An extensive study on the sugarcane transcriptome was performed. Sugarcane genes responsive to phytohormones and to challenges sugarcane commonly deals with in the field were identified. Additionally, the protein kinases were annotated based on a phylogenetic approach. The experimental design and statistical analysis applied proved robust to unravel genes associated with a diverse array of conditions attributing novel functions to previously unknown or undefined genes. The data consolidated in the SUCAST database resource can guide further studies and be useful for the development of improved sugarcane varieties.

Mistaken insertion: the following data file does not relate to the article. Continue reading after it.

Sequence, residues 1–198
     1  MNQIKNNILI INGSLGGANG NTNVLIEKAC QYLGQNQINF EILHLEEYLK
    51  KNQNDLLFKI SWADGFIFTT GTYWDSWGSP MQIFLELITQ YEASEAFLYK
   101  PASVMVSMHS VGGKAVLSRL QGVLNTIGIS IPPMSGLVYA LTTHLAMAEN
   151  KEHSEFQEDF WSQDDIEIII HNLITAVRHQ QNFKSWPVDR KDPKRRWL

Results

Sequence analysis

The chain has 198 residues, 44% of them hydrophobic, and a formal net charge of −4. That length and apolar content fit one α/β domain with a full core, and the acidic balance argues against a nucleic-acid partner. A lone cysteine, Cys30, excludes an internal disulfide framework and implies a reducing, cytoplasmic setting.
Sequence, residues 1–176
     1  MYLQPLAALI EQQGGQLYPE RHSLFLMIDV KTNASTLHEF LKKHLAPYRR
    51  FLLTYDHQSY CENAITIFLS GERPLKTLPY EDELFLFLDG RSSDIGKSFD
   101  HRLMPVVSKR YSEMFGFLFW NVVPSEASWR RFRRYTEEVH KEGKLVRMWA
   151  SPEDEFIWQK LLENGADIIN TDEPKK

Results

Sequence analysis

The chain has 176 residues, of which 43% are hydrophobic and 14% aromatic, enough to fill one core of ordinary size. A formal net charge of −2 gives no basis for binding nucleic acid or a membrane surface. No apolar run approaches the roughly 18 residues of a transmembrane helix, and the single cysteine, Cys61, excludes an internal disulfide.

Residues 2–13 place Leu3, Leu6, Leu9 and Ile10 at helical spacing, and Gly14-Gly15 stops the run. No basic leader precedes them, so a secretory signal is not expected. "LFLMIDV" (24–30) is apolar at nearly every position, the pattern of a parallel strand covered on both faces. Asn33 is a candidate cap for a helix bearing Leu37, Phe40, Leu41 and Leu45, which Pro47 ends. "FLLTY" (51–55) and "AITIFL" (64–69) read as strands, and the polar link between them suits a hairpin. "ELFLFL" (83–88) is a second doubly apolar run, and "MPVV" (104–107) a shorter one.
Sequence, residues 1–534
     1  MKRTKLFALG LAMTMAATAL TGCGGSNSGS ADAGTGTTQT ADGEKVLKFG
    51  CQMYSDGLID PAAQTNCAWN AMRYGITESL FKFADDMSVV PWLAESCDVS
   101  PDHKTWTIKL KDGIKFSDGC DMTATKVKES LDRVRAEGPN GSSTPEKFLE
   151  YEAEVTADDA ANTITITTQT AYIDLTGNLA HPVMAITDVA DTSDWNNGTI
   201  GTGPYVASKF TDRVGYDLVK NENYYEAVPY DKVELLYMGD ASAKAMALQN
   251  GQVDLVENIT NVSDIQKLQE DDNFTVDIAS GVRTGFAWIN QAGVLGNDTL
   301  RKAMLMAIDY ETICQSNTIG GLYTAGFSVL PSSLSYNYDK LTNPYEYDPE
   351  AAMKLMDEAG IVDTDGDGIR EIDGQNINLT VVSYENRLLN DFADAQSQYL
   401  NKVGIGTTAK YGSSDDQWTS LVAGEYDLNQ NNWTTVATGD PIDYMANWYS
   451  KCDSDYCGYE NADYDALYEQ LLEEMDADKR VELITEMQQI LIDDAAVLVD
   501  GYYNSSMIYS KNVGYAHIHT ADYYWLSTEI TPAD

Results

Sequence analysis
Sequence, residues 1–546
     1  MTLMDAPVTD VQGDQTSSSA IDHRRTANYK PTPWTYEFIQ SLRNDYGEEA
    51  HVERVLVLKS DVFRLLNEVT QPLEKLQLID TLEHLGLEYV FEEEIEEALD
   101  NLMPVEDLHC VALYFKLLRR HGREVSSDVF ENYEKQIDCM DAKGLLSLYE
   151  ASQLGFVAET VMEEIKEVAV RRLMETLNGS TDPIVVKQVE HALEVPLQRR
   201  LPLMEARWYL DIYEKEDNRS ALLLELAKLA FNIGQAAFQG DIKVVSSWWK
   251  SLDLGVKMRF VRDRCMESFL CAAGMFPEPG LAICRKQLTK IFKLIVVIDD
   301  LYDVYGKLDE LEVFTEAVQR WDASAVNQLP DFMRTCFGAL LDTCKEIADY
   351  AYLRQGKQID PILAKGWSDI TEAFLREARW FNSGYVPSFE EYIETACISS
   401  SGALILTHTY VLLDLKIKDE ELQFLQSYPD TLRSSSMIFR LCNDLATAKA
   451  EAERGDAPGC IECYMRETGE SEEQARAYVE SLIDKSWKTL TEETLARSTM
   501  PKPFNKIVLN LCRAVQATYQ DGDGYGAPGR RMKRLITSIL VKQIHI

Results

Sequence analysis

Sugarcane is an increasingly economically attractive crop, used for the production of approximately 60% of the world's sugar and also of ethanol, a low-carbon emission fuel. Sugarcane varieties with improved tolerance to adverse environmental conditions are highly desirable. Unfavorable environmental factors are the major culprits of losses in agriculture and can reduce average productivity by 65% to 87% depending on the crop . Crops better fit to withstand biotic and abiotic stresses have been selected by traditional genetic breeding programs but the slow pace in obtaining plants with the desirable traits limits the development of improved crop varieties. In this scenario, the use of molecular tools that enable gene-targeted modifications to achieve a phenotype of interest is highly promising.